Could you live without credit?
A startling new poll conducted by the National Foundation for Credit Counseling (NFCC), shows that consumers are relying on credit for more than just big purchase. In fact, 22 percent of respondents indicated they could not make ends meet without access to credit.
“There are hundreds of millions of credit cards in circulation, making the plastic temptation very real,” said Gail Cunningham, spokesperson for the NFCC. “Nonetheless, credit was intended to be a convenience, not a piggy bank to supplement income.”
An additional 24 percent of poll respondents said they would have to make significant lifestyle changes if they did not have access to credit. Taken together, 46 percent of Americans would experience major interruptions to their financial lives if denied the use of credit.
The inability to responsibly manage credit is one of the first financial danger signals. Consider the following data from the NFCC’s 2012 Financial Literacy Survey:
- Thirty-three percent of consumers do not pay all of their bills on time — the highest percentage since the question was first posed in 2008, and up five percent from last year
- Thirty-nine percent of respondents indicated they carry debt over from month-to-month, a sure sign that a person is living beyond what his or her income can support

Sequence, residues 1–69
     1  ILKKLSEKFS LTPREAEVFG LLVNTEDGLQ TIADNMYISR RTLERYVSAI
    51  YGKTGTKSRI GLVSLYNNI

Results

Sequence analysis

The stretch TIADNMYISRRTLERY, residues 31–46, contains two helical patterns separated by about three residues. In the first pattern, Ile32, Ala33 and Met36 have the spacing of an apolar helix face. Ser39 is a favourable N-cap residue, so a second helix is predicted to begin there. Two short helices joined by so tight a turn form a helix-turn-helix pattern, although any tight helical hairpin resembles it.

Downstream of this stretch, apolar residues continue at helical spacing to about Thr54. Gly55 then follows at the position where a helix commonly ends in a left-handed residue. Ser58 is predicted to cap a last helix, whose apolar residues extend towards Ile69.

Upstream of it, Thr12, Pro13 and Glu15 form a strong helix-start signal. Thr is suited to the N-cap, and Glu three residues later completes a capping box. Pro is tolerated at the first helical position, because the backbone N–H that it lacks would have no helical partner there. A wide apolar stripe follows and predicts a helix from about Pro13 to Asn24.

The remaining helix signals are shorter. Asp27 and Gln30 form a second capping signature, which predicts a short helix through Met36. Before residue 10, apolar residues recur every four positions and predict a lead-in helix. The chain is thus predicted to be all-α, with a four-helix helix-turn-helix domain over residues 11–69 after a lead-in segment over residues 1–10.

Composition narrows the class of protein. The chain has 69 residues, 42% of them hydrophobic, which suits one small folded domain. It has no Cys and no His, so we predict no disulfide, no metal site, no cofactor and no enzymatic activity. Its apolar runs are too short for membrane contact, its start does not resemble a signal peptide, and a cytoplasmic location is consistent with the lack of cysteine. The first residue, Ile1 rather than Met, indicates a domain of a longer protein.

- Sixteen percent of consumers have overdrafted their checking account.
No one ever intends to dig a deep financial hole. Life’s unexpected events often throw a curve to even the most stable financial plans, making credit the choice of last resort to meet monthly obligations.
Many well-meaning people think living off of credit will be a short-term solution; the new job is just around the corner; the medical event won’t be serious; the divorce decree will read differently.
Others have not experienced a financially back-breaking life event, but have built a lifestyle that their income simply will not support. Facing the financial facts can be hard.
Changing ingrained habits is never easy, but it is not only worth the effort, it is essential to a person’s current and future financial stability.
“Although the 22 percent of people indicating they could not make ends meet without credit is a minority among those polled, it is a significant minority,” continued Cunningham. “People are masters at deceiving themselves and justifying spending. Don’t be one of them.”
To determine if your finances are on the brink of disaster, try living without credit for a month. If you can do it successfully, that's a positive sign that you are able to manage your finances responsibly. If not, reach out to an NFCC Member Agency, such as Money Management International (MMI) for assistance.
Spending an hour with a certified credit counselor is not only time well-spent, but it will provide you with concrete answers to your financial concerns.
Note: The National Foundation for Credit Counseling (NFCC), founded in 1951, is the nation’s largest and longest serving national nonprofit credit counseling organization. Money Management International is a member of the NFCC. he NFCC’s September Financial Literacy Opinion Index was conducted via the the NFCC's website from Sept. 1 to 30, and was answered by 1,913 individuals.